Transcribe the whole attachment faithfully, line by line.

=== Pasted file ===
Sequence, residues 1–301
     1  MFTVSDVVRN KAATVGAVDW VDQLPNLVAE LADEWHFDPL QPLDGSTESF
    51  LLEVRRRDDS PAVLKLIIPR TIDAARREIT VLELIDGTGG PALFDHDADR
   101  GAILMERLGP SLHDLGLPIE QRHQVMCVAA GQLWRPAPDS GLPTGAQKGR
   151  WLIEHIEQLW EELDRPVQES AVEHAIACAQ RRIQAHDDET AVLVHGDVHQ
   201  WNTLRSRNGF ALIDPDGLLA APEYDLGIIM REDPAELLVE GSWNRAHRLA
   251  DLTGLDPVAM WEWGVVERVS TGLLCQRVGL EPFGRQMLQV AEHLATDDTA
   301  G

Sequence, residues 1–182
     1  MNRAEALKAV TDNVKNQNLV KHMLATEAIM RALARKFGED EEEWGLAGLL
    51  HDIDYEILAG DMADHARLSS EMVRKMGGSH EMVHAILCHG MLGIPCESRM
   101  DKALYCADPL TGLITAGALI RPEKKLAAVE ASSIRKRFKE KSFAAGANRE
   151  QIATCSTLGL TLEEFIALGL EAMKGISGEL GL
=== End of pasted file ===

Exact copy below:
Sequence, residues 1–301
     1  MFTVSDVVRN KAATVGAVDW VDQLPNLVAE LADEWHFDPL QPLDGSTESF
    51  LLEVRRRDDS PAVLKLIIPR TIDAARREIT VLELIDGTGG PALFDHDADR
   101  GAILMERLGP SLHDLGLPIE QRHQVMCVAA GQLWRPAPDS GLPTGAQKGR
   151  WLIEHIEQLW EELDRPVQES AVEHAIACAQ RRIQAHDDET AVLVHGDVHQ
   201  WNTLRSRNGF ALIDPDGLLA APEYDLGIIM REDPAELLVE GSWNRAHRLA
   251  DLTGLDPVAM WEWGVVERVS TGLLCQRVGL EPFGRQMLQV AEHLATDDTA
   301  G

Sequence, residues 1–182
     1  MNRAEALKAV TDNVKNQNLV KHMLATEAIM RALARKFGED EEEWGLAGLL
    51  HDIDYEILAG DMADHARLSS EMVRKMGGSH EMVHAILCHG MLGIPCESRM
   101  DKALYCADPL TGLITAGALI RPEKKLAAVE ASSIRKRFKE KSFAAGANRE
   151  QIATCSTLGL TLEEFIALGL EAMKGISGEL GL